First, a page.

Read The Complete Book of Running by Jim Fixx Online


Discusses not only the physical benefits of running, but its psychological benefits as well: increasing self-esteem, acquiring a "high" from running, and being able to cope better with pressure and tension. Yep, it still sells....

Title : The Complete Book of Running
Author :
Rating :
ISBN : 9780394411590
Format Type : Hardcover
Number of Pages : 314 Pages
Status : Available For Download
Last checked : 21 Minutes ago!

The Complete Book of Running Reviews

  • Loederkoningin
    2019-03-14 08:38

    A deliciously outdated book. Fixx wrote The Complete Book of Running in the seventies and therefore a lot of what he has to say is no longer accurate, which is a little amusing and sometimes even cute. His passion for running withstands the test of time though. And so does his ability to make his reader share in his excitement.It is a wee bit ironic that Fixx adopted running as part of a healthy life style that would hopefully provide him with a longer and healthier life - his family had a history of dying early due to heart diseases - only to die from a heart attack when/after running, at 52. Sad.Anyway, he did manage to make me run for an entire month or so, after which I discreetly fell back into my old blissfully lazy ways.

  • Kristy
    2019-02-26 05:19

    Some of the topics in this book are laughable due to the passage of years (it was published in 1977). For example, did you know that the author tried wearing negative-heel shoes once upon a time to help stretch his calves? Apparently, they were popular in their own right and he had the idea they would be helpful...but he couldn't walk well in them and gave them up.Another tidbit he gleaned from women runners: It is optional to wear a bra while running. Some like to wear one, some don't, and only some insist on a really supportive get-up. Hmmmmmmmmmmm.This book is chock full of research, which is sometimes useful and sometimes not, and you can never rely on the information without back-up because it was published 35 years ago (the year of my birth, so the math is easy). However, I was interested all the way through, even when reading the chapter called "Gear." I like that he recommends saving money by running in cut-off jeans before trying to scrimp on running shoes. There are also fascinating quotes by some famous American runners, mostly marathoners, whom he interviewed. He interviewed Bill Rodgers on a casual nine-mile run which was apparently much more casual from Rodgers's point of view than the author's. Jim Fixx even got to shower at the Rodgers's home afterward - Bill was chivalrous and let his guest use the facilities first.I love this book. You do need a different book if you want to figure out a personal running regime based on current research.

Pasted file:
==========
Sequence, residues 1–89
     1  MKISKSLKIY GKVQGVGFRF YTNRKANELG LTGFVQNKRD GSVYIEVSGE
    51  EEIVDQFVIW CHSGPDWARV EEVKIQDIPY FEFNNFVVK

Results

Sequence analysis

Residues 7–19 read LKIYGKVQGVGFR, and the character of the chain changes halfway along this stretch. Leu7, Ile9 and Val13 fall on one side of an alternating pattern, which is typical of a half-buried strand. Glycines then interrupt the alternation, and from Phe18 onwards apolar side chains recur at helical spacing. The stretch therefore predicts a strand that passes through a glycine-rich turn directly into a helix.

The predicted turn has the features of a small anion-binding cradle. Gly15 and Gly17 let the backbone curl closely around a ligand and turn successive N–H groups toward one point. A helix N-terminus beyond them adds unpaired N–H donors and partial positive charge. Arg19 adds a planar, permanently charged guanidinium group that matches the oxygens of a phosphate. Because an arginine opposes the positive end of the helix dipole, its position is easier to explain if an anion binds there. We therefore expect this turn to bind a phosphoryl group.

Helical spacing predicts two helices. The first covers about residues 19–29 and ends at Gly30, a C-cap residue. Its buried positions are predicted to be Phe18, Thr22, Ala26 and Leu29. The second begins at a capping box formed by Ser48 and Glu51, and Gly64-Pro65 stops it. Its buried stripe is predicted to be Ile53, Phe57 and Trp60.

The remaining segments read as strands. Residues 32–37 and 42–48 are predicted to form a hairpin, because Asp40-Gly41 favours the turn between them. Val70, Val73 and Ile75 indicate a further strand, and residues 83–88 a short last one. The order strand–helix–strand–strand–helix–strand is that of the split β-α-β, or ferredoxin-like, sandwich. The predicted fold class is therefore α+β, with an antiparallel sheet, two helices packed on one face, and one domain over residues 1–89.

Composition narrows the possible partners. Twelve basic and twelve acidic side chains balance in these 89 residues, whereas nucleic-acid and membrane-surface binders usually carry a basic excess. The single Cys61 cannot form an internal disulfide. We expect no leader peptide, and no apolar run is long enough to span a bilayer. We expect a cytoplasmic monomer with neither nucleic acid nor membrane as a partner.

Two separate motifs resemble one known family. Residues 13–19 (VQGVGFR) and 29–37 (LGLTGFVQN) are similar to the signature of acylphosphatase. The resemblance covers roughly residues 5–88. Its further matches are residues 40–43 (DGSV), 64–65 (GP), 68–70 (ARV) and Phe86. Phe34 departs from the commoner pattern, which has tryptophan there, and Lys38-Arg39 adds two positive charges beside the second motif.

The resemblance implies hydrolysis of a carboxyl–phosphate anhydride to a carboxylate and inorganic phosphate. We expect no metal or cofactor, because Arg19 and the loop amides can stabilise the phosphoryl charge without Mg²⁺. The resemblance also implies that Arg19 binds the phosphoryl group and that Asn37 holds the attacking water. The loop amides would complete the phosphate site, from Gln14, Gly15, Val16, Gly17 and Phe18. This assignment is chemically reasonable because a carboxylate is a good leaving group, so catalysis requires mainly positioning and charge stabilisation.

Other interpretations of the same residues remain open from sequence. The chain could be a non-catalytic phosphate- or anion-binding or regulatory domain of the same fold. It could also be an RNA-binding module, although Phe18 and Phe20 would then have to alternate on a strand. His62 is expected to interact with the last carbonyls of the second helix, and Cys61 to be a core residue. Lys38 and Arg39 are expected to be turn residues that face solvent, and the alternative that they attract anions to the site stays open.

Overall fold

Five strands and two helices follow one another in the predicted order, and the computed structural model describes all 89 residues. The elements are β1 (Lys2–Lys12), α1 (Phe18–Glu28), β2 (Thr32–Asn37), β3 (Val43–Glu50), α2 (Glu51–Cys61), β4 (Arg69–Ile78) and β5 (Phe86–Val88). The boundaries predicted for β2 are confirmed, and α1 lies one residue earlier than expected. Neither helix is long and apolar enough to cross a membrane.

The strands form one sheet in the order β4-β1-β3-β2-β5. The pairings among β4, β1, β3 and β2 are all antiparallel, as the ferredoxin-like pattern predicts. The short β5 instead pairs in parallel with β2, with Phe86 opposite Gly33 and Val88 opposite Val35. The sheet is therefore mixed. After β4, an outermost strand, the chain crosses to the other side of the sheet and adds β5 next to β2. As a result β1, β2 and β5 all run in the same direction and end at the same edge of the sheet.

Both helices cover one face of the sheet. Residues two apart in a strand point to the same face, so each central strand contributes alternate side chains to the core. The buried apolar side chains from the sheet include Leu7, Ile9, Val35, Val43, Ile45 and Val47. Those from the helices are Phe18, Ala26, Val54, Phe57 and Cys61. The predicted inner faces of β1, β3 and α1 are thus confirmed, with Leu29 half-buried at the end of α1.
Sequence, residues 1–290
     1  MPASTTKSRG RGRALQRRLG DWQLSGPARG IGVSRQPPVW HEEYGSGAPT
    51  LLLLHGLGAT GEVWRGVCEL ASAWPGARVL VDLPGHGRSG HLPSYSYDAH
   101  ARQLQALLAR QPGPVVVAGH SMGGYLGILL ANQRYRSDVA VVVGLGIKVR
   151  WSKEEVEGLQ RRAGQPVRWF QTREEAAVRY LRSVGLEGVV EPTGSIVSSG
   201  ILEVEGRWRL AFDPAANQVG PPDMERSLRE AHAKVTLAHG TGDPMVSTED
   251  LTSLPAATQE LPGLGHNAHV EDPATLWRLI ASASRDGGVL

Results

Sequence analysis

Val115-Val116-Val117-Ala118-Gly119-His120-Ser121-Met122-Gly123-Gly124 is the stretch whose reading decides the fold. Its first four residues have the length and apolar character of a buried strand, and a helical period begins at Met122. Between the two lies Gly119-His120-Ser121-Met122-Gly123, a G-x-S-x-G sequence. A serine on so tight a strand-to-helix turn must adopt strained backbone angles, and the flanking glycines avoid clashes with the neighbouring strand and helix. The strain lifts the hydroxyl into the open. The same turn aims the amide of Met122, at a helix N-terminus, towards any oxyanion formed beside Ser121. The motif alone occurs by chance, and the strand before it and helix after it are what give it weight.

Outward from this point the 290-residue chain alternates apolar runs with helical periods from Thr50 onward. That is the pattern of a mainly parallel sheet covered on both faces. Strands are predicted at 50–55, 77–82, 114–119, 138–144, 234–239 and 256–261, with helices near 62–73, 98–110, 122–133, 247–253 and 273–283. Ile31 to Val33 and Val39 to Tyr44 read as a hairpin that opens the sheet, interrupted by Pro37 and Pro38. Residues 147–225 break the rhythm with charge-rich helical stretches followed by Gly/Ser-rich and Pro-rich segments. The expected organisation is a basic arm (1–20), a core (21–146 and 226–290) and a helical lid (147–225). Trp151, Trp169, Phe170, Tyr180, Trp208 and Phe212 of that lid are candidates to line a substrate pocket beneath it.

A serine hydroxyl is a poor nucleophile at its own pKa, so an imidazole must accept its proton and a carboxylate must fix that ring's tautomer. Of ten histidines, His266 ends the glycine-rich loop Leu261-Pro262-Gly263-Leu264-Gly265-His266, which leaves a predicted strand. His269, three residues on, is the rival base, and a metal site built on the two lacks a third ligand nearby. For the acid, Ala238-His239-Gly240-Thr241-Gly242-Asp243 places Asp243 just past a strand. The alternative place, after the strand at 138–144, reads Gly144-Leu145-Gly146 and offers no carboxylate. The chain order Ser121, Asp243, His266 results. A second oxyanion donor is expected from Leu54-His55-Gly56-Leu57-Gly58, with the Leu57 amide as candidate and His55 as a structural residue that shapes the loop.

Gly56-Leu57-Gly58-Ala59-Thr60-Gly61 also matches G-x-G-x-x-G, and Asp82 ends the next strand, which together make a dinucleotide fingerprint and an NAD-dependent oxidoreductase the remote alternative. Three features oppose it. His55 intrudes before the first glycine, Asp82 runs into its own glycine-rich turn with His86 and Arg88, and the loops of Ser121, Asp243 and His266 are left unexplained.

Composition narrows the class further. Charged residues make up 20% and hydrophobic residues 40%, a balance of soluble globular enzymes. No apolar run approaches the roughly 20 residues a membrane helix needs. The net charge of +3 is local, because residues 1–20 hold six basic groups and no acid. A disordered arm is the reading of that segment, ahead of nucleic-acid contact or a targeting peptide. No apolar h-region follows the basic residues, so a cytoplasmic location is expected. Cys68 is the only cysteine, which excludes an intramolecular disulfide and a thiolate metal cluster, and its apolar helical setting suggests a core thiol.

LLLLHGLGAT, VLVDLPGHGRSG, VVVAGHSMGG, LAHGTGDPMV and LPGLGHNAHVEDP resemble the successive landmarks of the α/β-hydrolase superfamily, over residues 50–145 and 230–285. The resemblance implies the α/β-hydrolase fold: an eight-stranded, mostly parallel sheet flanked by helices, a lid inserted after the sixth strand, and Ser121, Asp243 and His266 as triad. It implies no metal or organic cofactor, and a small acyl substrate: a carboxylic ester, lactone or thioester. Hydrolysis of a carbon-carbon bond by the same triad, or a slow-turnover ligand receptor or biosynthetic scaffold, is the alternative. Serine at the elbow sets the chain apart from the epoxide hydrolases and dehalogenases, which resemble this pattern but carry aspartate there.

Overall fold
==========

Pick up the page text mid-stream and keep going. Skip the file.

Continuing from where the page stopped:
• Abby
    2019-02-27 06:44

    I love this book! It sounds like it may be boring (because running is boring), but if anyone is interested in starting a running program or competing in a race, it's full of great information and fascinating facts. Like, for example, women may have an advantage to men in running long distance. Men don't have as much body fat, which you can pull on for fuel during a marathon. There's a story about a woman who had diarreah during a marathon but kept running because she was going to win. She did win. But I bet it grossed out the people behind her. (I also read about this event in my other favorite book, "Marathon Woman", by Kathrine Switzer. I wonder if she hates that it's written about in so many books.)There was another guy who was a runner his whole life, and died of cancer. They autopsied his body and concluded, he would have HAD to have died of something other than heart disease. His heart and lungs and veins and blood vessels and stuff were all in such good condition there was no possible way he could die related to them malfunctioning. Something else had to get him, like cancer did. So, if cancer is your preferred route of death, become a runner!